In my altered condition, I believed I was able to tune into their mental state, and that we were on the same wavelength, this despite their increasing agitation each time I moved in their direction. I kept advancing anyway, certain that their anxiety was not prompted by me but by the smell of paint in the hot, humid air. When I got within five feet of them, they began feinting dives at my head, and otherwise making it clear that they were about to nail me. I finally descended in the belief that my connection with them might not have been imaginary—after all, they had shown more patience than I had a right to expect.

When my father and I painted houses together, he would destroy red wasp nests by dousing them with gasoline. The moment it touched them, the wasps would fall straight to the ground by the hundreds. Then, he would knock the nest down. The rest of the day, the ones who hadn’t been on the nest would fly around aimlessly, but without a family to defend, they seldom stung.

I built a home for solitary wasps, and every year I have a few small nests of yellow wasps in my toolshed. I used to remove these nests, but most years, I would forget to look up to see that they were there until the summer was half over. After a few years of brushing my head against them without ever once being stung, I left them in peace. I think of wasps in the same way that I think of a lot of other creatures that have the power to hurt or even kill me, but don’t go around looking for an excuse to do so. All that they ask of me is that I respect their boundaries.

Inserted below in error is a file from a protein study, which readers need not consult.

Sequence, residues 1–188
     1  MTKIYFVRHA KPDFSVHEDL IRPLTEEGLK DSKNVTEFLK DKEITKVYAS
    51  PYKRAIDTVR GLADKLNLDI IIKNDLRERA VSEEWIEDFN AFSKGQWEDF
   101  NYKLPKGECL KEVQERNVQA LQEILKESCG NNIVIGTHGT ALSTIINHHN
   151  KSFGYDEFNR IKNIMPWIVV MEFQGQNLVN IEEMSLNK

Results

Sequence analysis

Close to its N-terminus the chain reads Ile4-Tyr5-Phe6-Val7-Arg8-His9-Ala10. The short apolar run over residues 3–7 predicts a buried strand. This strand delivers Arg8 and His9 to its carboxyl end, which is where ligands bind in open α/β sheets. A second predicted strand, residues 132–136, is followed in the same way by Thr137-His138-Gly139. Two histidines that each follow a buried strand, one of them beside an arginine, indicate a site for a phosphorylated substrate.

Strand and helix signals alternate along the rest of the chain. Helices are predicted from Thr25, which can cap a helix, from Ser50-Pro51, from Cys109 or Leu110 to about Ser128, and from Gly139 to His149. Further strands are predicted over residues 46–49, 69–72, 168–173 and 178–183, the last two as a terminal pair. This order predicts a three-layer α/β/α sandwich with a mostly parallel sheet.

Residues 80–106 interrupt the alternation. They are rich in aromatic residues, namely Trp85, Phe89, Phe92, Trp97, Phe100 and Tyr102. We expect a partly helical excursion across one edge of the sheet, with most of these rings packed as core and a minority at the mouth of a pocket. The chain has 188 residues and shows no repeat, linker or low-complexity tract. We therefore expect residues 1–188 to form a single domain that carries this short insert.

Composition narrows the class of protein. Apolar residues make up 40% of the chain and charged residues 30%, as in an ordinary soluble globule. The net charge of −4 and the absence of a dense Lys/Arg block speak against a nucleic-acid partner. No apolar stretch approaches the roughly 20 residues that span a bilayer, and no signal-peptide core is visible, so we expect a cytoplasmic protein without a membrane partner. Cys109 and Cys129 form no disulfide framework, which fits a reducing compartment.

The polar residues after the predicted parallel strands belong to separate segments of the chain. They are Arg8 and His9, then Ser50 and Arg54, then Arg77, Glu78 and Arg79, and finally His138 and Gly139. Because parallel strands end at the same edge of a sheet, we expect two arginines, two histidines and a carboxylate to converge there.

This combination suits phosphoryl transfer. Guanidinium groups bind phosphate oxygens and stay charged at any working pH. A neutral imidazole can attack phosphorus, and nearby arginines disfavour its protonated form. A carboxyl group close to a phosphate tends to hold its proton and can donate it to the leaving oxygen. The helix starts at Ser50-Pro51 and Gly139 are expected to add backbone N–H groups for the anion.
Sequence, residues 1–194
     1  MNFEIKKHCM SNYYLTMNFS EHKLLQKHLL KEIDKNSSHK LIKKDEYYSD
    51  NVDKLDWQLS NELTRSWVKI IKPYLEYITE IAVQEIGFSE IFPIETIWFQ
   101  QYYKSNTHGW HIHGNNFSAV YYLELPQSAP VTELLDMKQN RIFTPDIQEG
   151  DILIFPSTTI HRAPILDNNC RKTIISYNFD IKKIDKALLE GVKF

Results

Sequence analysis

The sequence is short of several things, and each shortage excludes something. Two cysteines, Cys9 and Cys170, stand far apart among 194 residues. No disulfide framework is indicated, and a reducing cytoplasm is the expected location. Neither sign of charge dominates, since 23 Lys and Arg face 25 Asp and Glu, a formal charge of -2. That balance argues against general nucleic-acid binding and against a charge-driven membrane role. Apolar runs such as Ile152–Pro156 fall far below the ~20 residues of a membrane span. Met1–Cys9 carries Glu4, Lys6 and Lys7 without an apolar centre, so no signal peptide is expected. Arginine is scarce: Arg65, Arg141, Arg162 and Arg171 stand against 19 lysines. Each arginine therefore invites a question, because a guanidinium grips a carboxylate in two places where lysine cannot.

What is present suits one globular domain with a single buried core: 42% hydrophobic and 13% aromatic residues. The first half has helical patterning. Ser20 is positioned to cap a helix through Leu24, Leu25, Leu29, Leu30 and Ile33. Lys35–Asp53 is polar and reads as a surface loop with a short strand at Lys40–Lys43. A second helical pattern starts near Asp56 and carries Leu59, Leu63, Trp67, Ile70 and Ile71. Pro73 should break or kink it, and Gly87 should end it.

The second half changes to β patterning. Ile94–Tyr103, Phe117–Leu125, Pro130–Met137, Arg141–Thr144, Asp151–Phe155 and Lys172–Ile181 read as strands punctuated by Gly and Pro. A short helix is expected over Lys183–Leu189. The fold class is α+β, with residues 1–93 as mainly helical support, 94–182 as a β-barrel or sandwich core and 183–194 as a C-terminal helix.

Unfortunately, this is hard to do with aggressive wasps that I don’t even see—like yellow jackets that live in the ground. There have been years when Peggy and I and both dogs were stung many times because we walked over their holes while hiking. I’ve even seen Peggy stand on top of a hole brushing yellow jackets out of Baxter’s fur while more were pouring out at them. She’s a funny girl when her maternal instincts go into overdrive.

I’ve thought a lot about what is right for Isabella. Her family is dead, and she has no real home and no work to do, so it might be better if I left her to die in the cold. Whether it’s a plant, a dog, or a wasp, once I take something in, I feel morally obligated to care for it, yet I don’t always know what is best.

Night before last, Baxter started moaning and shivering as he struggled to breathe. I have many drugs that might relieve his distress, but which might also kill him. I tried to talk the matter over with Peggy, but she didn’t have much to say, and I concluded that this was one of those situations that she wanted me to handle. I was about to give him a few grains of a Percocet when I remembered that I had a tranquilizer that we give to Bonnie anytime there are fireworks, so I gave a quarter tablet of it to Baxter. That should have been a low dose, but it knocked Baxter on his ass. In fact, I thought I had killed him, and I cried off and on for the next six hours while I waited for him to die. He looked so little and so pitiful that I didn’t know how I could bear it. Every time I thought I had pulled myself together, I would cry some more.